This past Sunday, the Gospel reading in the Revised Common Lectionary brought us to the story when Joseph, Jesus’ adoptive father, receives news about Mary’s miraculous pregnancy. We read this in Matthew 1.18-25:
Now the birth of Jesus the Messiah took place in this way. When his mother Mary had been engaged to Joseph, but before they lived together, she was found to be with child from the Holy Spirit. Her husband Joseph, being a righteous man and unwilling to expose her to public disgrace, planned to dismiss her quietly. But just when he had resolved to do this, an angel of the Lord appeared to him in a dream and said, “Joseph, son of David, do not be afraid to take Mary as your wife, for the child conceived in her is from the Holy Spirit. She will bear a son, and you are to name him Jesus, for he will save his people from their sins.” All this took place to fulfill what had been spoken by the Lord through the prophet: “Look, the virgin shall conceive and bear a son, and they shall name him Emmanuel,” which means, “God is with us.” When Joseph awoke from sleep, he did as the angel of the Lord commanded him; he took her as his wife, but had no marital relations with her until she had borne a son; and he named him Jesus. (NRSV)I found this passage surprising and challenging as I reflected on it last week. The Gospel describes Joseph as “a righteous man,” a man who follows God’s will. To give a sense of how important a designation it was, at the time of Matthew’s writing, the term “a righteous man” was often used to describe the patriarchs—Abraham, Isaac, and Jacob. Here is a person who is close to God, who knows God’s heart, whose character and reason were shaped by God’s teaching over time. Matthew appears to insinuate that Joseph’s plan to dismiss Mary quietly when he discovered she was pregnant with someone else’s baby was the compassionate thing to do and under normal circumstances, would have been godly. Yet despite all that formation, despite being a righteous person, Joseph was going to do something that went against God’s plan. How could that happen?
This story challenged me because I realized I held a skewed view of spiritual formation. Namely, I believed that with enough training, with enough shaping by God, we could reach a point in our lives in which we would no longer need God’s guidance—like the apprentice painter who studies and practices under her teacher for years, but eventually learns enough and develops enough that she no longer needs the teacher and can paint and create on her own. Joseph had been developed by God so much that he was recognized as “a righteous man.” One would think he could use his God-shaped reason to plot his life’s course in a way entirely in line with God’s will. We do want God to form our reasoning and characters, but I realized in reading this passage that no amount of reasoning and wisdom can take the place of prayer. I have to be reminded that maturity in the Christian life is not like how we often view maturity, in which we become self-sufficient, independent beings who do not need others for anything. The Christian understanding of maturity actually works the opposite direction. As one becomes more mature in Christ, one understands and seeks to foster a deeper need on God and community. This is not to belittle our reasoning or spiritual formation, but to acknowledge God’s vastness and our constant dependence on God’s revelation.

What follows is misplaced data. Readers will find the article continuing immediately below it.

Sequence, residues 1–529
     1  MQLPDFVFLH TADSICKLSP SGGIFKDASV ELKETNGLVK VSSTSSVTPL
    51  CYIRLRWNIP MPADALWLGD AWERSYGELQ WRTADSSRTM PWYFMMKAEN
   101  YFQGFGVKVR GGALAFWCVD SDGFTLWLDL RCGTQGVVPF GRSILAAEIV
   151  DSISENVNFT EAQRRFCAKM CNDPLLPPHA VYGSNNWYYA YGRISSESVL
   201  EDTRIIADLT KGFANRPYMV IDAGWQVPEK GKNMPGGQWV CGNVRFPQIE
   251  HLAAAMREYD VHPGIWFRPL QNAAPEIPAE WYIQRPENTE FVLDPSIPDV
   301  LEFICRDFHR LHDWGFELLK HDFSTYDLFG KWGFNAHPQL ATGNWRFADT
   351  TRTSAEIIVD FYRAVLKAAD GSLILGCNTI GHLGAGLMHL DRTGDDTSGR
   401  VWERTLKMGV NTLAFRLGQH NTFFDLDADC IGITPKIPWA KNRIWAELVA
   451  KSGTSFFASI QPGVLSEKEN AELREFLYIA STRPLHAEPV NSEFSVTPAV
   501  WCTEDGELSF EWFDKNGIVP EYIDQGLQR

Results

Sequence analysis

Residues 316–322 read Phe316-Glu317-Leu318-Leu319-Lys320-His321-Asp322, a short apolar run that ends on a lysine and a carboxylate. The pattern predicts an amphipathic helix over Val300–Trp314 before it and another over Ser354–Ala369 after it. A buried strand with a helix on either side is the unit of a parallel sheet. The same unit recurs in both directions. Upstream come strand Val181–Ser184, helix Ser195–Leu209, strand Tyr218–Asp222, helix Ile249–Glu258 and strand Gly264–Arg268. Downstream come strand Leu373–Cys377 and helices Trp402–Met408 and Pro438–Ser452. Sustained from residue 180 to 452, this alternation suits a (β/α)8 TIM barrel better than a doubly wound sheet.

We could take the angle that Joseph, though being a righteous man, was still sinful and proud and his pride of being close to God clouded his vision of what God was doing. That view of the text, however, still carries with it the assumption that we can get to a point in our walk with God where we no longer need God. As if all we need is to have God help us shirk off our sinful tendencies and then we would be able to see things completely from God’s vantage point on our own. Another option is that we could despair and wonder if we could ever truly know what God wants of us in our lives. The text does not support those interpretations. Rather, the text seems to say that what God was doing in the incarnation was so big, so radical, so surprising, that even “a righteous man” like Joseph could not understand what was happening without God revealing the plan to him. Yes, the text makes it clear that there was centuries-old prophetic hope in Messiah coming, but few would imagine it would be their fiancée who would be the virgin carrying God’s anointed one. Because God was up to something so far beyond anyone’s imagination, even righteous people would be surprised. Joseph is a hero in this passage because he is righteous, he is close to God. As a person who is close to God’s heart, he understands that the God we read about in the Hebrew Bible is full of amazing surprises. To have a character shaped by God means that one would not only act compassionately and justly, but that one would also be open to surprises. If we read these verses and worry whether we could ever know God’s will, let us remember that one of the pieces of good news in a passage just dripping with gospel is that God does give revelation. Joseph can know God’s will because God makes that will known. The tasks for us are to remain open to God’s revelation, to be humble when we believe we have received that revelation, to act accordingly with the values and character God has already shaped in us, and to pray that God will continue to reveal himself to us.
My prayer is that in this last week of Advent we would be surprised by Jesus’ continual incarnation in the world and through prayer, we would receive a greater sense of our need for God and divine revelation.